This is where reformist and international Islam comes into play. This is a religion that is portable, and culturally neutral (ostensibly). Different local sub-elites transplanted into an urban milieu can meet and communicate with the lexicon of a religion which was defined from its beginning by urbanity. Not only does Islam allow for connections between people between different regions, but it also integrates oneself into an international network, previously only accessible to those with financial resources to travel extensively. Common belief in a transnational religion allows for immediate rapport with those from other nations, without the need for prior extensive personal interactions. Subscription to various forms of Islam allow for immediate inclusion into an international brotherhood.
The United States is perhaps the best example of what mobility and lack of solidity do to religious institutions. American religion is exceedingly confessional and decentralized. The Roman Catholic Churches attempt to create a corporate pillar on the model of the European society in the 19th century failed. Rather, operationally American Catholicism has become confessional at the level of the believers, if not the exterior institutions. Similarly, American Judaism took a very different trajectory from that of European Judaism. While European Reform Judaism was marginalized between the two poles of Orthodoxy and secularism, in the United States Reform Judaism was arguably the dominant form of Judaism for most of the nation’s history.
American religions are characterized by a wide range of levels of tension with the surrounding society, and are generally confessional, rather than communities of birth (though Judaism is arguably a hybrid, as Reform Judaism has again embraced the ethnic dimension of the religion). Some groups, which are often termed “conservative”, are at high tension with society. The reality is that they are not necessarily conservative, as much as they exhibit strong ingroup dynamics, and marginalize outgroups, and are marginalized by outgroups. Consider Mormonism, a religion which is conservative in its mores, but whose theology is highly exotic, and arguably radical. The key toward understanding Mormonism is its high internal cohesion. But this results in a side effect of tension with the surrounding society.
Indonesia is a nation of 250 million. The rise of “conservative” Islam is natural. As Indonesia urbanizes, its folk Islamic subculture s are dissolving. They evolved organically over thousands of years, and they are adapted to local conditions, utilizing local lexicon. Their strength was their deep local roots. They are not transplantable. It is natural that many urban dwellers would find that a culturally stripped down form of Islam based on textual sources, though extending from them, would be amenable to their needs. This form of Islam allows for strong ingroup ties that are not contingent on local histories or ethnic identities. But, it also throws up walls toward those who it considers outsiders and competitors. That is, non-Muslims. Other Indonesian urbanites are not becoming “conservative” Muslims. Rather, they are probably subscribing to what one might term “liberal international,” the transnational globalist class which is united by their affluence and postmaterialism, and a form of individualism well characterized by Jonathan Haidt.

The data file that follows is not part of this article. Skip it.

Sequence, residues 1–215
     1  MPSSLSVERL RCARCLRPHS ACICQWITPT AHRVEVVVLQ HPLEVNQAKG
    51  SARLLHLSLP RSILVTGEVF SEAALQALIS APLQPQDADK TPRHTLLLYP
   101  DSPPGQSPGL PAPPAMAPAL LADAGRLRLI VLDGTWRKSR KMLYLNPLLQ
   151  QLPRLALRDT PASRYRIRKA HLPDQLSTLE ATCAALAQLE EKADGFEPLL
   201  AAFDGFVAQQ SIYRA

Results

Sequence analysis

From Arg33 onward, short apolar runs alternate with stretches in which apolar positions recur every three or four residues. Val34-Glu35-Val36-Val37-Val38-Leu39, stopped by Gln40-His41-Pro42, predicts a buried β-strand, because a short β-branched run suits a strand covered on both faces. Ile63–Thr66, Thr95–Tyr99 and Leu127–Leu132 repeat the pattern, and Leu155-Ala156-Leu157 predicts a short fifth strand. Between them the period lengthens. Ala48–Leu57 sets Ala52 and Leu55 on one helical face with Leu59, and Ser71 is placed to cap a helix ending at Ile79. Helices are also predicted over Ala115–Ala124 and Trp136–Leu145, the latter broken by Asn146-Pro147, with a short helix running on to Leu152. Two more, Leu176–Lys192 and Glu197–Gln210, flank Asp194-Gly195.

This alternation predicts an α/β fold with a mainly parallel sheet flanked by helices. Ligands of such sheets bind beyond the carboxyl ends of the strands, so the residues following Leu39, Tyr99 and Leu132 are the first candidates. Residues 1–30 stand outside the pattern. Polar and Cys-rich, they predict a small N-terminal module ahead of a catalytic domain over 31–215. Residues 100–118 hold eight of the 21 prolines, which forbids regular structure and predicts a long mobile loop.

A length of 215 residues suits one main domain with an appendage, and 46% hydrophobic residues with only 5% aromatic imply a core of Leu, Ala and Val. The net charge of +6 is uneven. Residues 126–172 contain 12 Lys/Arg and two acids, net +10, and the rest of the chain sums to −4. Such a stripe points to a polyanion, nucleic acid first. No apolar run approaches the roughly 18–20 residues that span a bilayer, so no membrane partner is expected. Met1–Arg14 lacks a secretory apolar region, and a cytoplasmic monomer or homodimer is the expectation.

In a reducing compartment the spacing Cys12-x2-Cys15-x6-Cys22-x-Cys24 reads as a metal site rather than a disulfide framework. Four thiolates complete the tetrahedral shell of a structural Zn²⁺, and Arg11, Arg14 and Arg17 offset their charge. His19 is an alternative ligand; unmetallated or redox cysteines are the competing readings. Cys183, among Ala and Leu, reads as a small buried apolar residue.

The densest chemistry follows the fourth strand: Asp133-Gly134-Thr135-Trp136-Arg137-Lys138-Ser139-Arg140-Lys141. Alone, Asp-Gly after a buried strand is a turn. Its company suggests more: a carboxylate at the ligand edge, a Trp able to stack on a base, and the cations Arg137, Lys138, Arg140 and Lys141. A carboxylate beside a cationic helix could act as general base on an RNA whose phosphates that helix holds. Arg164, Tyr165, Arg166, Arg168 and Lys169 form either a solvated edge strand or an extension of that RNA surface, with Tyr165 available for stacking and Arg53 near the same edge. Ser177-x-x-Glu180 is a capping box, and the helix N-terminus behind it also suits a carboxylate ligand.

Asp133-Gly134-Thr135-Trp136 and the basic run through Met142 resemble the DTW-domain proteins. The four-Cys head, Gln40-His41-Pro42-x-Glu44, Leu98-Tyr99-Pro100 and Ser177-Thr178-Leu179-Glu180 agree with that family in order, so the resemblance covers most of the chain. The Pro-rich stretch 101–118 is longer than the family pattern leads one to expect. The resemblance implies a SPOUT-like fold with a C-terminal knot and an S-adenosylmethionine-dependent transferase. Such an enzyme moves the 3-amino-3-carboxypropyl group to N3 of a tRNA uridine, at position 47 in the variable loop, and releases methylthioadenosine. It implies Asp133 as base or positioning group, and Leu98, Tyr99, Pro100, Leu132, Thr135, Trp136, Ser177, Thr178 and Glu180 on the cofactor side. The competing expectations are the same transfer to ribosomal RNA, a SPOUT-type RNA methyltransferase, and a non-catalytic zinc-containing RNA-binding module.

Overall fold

Indonesian Muslims are arguably more “liberal” and more “conservative.” But this increased variation and solidity of large bloc social units is salient in a form which is more threatening. To readers of The Wall Street journal the transnational Muslims identifying with the Islamic Reformist international bloc are threatening, and a danger, due to their hostility toward outgroups. In contrast, the liberal globalists take a more relaxed attitude toward group identity, though they too have their own redlines and normative preferences.
The details may be local, but the dynamics are global.